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If Products Could Speak April 6

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Biodiversity and stability
Biodiversity and stability
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If Products Could Speak April 6

  1. 1. IF PRODUCTS COULD SPEAK TOWARDS A MODEL OF SUSTAINABLE DESIGN JEN VAN DER MEER NYU ITP April 6, 2009
  2. 2. RECALLED 4_2_2009
  3. 3. RECALLED 4_2_2009
  4. 4. RECALLED 4_1_2009
  5. 5. RECALLED 4_1_2009
  6. 6. CDC: Traces of a chemical used in rocket fuel were found in samples of powdered baby formula, and could exceed what’s considered a safe dose for adults if mixed with water also contaminated with the ingredient. Image source: Inhabitots
  7. 7. TODAY’S FOCUS: Biodiversity: diversity of plant and animal life “If animals, fish, and plants could speak.” Cradle to Cradle: Waste = Food. Diversity.
  8. 8. Biodiversity - the problem Human actions changing the diversity of life on the planet, and most of these changes represent a loss of biodiversity. Changes were more rapid in the past 50 years than at any time in human history. Like, 1000x more rapid.
  9. 9. How do you feel about this guy? Image: WWF
  10. 10. How bout this guy? Image: WWF
  11. 11. “Losing Strands in the Web of Life” Like the dinosaurs 65 million years ago, humanity now finds itself in the midst of a mass extinction: a global evolutionary convulsion with few parallels in the entire history of life. _John Tuxill, Chris Bright
  12. 12. Convention on Biodiversity: Rate of Loss of Biodiversity from Freshwaters
  13. 13. Source: Conservation International. Data: National Geographic.
  14. 14. Edward O. Wilson, Harvard Biologist We live on an unexplored planet. We have barely begun to decipher the intricate ecological mechanisms that keep natural communities running smoothly. We do not know—even to a rough order of magnitude—how many species there are on Earth. Which means we have a data problem.
  15. 15. Red List IUCNRedlist.org: The IUCN Species Programme working with the IUCN Species Survival Commission (SSC) has for more than four decades been assessing the conservation status of species, subspecies, varieties, and even selected subpopulations on a global scale in order to highlight those threatened with extinction, and therefore promote their conservation.
  16. 16. Source: Redlist. Fishing Cat.
  17. 17. Source: Redlist. Caspian Seal.
  18. 18. Source: Redlist. BlackFooted Ferret.
  19. 19. Biodiversity Threats: Direct: The process of conservation involves Fragmentation identifying endangered species, identifying Invasive Species biodiversity threats, setting goals, and Habitat Loss “mitigating” these threats. Pollution Overexploitation Results are measured in biodiversity – Climate Change species census – another data problem. Indirect: Overpopulation OverConsumption Poverty Policy/Enforcement
  20. 20. Data Source: Population Division of the Department of Economic and Social Affairs of the United Nations Secretariat (2005). World Population Prospects: The 2004 Revision. Highlights. New York: United Nations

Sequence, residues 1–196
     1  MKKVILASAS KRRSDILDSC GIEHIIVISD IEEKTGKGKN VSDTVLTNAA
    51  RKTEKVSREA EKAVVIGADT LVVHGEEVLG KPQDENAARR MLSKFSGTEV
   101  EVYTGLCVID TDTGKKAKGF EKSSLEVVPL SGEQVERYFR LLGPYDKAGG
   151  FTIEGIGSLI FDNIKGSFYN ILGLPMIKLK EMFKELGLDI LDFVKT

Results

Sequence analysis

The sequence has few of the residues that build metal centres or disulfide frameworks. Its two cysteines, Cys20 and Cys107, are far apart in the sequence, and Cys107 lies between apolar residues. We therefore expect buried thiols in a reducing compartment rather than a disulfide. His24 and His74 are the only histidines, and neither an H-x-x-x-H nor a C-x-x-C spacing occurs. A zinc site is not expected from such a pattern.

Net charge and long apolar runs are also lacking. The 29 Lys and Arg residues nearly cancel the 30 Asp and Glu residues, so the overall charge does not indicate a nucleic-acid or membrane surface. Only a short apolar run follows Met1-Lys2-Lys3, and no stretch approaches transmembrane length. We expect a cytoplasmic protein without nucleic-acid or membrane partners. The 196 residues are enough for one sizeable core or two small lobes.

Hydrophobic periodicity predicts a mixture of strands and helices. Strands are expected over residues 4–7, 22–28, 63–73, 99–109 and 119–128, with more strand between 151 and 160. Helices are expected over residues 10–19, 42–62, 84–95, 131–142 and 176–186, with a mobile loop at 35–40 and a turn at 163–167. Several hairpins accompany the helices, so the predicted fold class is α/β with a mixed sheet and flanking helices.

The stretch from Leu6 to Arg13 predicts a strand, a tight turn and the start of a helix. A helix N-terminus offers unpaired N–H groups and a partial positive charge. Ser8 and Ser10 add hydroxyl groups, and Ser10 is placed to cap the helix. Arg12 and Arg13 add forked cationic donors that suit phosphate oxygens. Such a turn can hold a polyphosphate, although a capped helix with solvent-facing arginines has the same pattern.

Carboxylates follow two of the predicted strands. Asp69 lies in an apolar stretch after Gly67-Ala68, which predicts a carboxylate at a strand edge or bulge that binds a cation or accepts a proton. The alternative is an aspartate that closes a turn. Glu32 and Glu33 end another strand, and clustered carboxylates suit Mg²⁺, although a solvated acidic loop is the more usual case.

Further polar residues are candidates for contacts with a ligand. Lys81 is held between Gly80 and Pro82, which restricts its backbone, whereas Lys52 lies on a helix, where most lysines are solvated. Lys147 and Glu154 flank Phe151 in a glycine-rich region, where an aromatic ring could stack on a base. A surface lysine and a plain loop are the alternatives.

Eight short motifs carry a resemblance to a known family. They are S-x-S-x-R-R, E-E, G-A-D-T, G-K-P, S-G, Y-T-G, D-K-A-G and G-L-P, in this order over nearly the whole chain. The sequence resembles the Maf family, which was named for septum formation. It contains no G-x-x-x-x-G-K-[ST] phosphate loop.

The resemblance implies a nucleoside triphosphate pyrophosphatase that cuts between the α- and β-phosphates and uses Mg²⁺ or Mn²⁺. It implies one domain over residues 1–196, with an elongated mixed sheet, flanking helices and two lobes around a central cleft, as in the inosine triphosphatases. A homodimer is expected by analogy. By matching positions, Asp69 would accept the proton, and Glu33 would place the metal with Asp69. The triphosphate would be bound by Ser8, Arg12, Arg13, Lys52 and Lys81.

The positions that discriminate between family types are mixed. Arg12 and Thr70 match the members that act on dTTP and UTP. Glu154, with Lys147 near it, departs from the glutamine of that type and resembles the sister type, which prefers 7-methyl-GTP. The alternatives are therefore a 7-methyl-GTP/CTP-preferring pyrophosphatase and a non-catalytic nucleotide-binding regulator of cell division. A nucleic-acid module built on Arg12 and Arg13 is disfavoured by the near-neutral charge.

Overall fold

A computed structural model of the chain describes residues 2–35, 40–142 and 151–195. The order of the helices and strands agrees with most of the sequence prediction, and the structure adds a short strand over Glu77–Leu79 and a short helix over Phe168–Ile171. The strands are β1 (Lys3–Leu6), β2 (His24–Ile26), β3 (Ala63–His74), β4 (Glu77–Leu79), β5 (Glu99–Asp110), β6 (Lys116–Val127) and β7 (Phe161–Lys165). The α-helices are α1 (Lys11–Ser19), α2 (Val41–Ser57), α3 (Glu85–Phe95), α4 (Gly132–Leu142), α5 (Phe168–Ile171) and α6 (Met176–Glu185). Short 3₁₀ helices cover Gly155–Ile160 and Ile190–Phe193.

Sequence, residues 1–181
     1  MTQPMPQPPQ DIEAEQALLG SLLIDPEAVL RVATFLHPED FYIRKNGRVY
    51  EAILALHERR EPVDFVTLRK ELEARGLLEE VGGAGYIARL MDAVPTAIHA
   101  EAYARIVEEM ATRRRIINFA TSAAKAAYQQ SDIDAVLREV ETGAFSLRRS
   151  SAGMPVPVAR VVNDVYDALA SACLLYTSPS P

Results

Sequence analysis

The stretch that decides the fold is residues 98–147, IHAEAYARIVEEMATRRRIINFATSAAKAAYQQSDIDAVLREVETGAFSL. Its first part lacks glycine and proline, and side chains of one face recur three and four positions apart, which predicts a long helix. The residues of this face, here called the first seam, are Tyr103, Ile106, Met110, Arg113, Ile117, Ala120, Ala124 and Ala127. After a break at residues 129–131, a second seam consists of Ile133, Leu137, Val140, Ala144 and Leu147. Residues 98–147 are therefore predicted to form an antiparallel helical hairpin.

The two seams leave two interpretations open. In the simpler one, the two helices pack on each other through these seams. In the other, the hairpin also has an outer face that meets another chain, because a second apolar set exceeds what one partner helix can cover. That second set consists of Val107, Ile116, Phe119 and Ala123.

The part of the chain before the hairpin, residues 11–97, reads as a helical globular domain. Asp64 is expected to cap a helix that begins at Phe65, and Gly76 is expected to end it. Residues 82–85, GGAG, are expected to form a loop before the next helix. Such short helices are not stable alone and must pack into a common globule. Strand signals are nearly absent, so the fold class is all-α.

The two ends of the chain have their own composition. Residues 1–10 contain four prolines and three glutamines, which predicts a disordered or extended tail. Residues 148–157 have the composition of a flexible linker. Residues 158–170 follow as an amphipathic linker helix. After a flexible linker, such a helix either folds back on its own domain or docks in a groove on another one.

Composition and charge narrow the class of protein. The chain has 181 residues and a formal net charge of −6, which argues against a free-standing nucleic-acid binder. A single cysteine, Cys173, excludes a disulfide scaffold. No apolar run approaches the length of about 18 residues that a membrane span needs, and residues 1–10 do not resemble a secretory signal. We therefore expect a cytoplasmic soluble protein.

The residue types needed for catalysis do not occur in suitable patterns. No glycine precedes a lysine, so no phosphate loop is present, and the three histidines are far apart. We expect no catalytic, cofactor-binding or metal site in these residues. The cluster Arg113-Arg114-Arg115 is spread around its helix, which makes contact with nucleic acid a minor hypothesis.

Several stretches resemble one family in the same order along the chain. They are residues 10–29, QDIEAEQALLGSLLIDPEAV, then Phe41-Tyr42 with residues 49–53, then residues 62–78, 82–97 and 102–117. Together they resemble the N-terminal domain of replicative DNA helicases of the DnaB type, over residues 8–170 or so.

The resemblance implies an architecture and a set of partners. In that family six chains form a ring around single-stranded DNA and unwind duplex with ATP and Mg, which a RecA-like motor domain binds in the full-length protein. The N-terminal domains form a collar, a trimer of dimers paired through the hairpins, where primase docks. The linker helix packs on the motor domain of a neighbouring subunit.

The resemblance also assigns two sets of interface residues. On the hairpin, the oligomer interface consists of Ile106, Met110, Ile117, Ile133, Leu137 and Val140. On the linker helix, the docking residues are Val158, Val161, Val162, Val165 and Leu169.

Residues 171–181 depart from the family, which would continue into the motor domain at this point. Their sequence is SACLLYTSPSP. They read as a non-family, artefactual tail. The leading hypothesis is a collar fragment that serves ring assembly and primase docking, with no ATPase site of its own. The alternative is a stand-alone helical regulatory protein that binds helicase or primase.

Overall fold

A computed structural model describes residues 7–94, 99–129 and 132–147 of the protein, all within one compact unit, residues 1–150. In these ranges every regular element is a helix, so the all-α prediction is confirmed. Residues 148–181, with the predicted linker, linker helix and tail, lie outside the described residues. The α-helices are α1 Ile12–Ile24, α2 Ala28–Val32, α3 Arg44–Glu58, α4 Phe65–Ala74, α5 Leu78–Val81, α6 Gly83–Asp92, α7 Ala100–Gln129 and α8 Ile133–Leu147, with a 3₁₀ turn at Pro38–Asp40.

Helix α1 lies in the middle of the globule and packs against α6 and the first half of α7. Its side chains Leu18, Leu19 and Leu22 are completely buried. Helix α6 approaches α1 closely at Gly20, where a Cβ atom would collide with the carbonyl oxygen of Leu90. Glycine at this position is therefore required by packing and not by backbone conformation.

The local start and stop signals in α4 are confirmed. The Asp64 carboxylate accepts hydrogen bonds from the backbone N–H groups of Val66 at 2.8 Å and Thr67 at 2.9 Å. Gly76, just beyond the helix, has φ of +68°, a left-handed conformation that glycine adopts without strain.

21. 21. Rio Earth Summit CBD: Convention on Biological Diversity. 1992 Rio Earth Summit. International treaty. Measures and incentives for the conservation and sustainable use of biological diversity. Founded on US conservation principles. Practices the precautionary principle with regard to genetically modified organisms. 192 countries have signed. 4 Countries have not. Guess who?
  22. 22. Where does conservation happen ? Local. Regional. Global.
  23. 23. Does conservation work? Conservation: human management of land + water for future generations: Sustainable fisheries, wildlife management, sustainable forestry. Preservation: land and water protection – not for human resource exploitation.
  24. 24. Cradle to Cradle Waste=Food Cyclical process – earth’s major nutrients are constantly cycled and recycled. Growth was good. Then came industry. Which altered the natural equilibrium of materials on the planet. 2 flows. Biological mass. Technical mass.
  25. 25. Cradle to Cradle Nature’s Design Framework: a flowering of diversity, a flowering of abundance. Earth’s response to its one source of incoming energy. Current design response of humans: attack of the one size fits all. De-evolution: simplification on a mass scale. Fittest survive. Fitting-est thrive. Energetic and material engagement with place, an interdependent relationship.
  26. 26. BioMimicry: Janine Benyus: Biomimicry is a new discipline that studies nature’s best ideas and then imitates these designs and processes to solve human problems. Image source: Treehugger
  27. 27. Cradle to Cradle “all sustainability is local” connect to local material and energy flows, to local customs, needs, and tastes. Recognize interdependence. Use local materials. Connect to natural energy flows. Form follows evolution. Eco efective design demands a coherent set of principles based on natures laws and the opportunity for constant diversity of expression.
  28. 28. Cradle to Cradle “Feedforward” – what will work in the future. Industrial re-evolution. Laundry detergent: gentle on the hands? gentle on the Ganges? Foster diverse aquatic life? What kind of soap does a river want? How can it be designed as a product of consumption that will readily biodegrade on the riverbank, contributing nutrients to the soil? The product evolves and is transformed, an its every aspect is designed to nourish a diverse world.
  29. 29. Research Time: How does your project impact biodiversity? How could you reframe your project to enhance biodiversity? Increase, not decrease. Along the way, who is your totem animal/fish/plant?
  30. 30. Next Class Decide on your product service system. Identify eco impacts: Climate change. Human Health. Biodiversity. Deliver your business case/non profit case/art case if you have not already.

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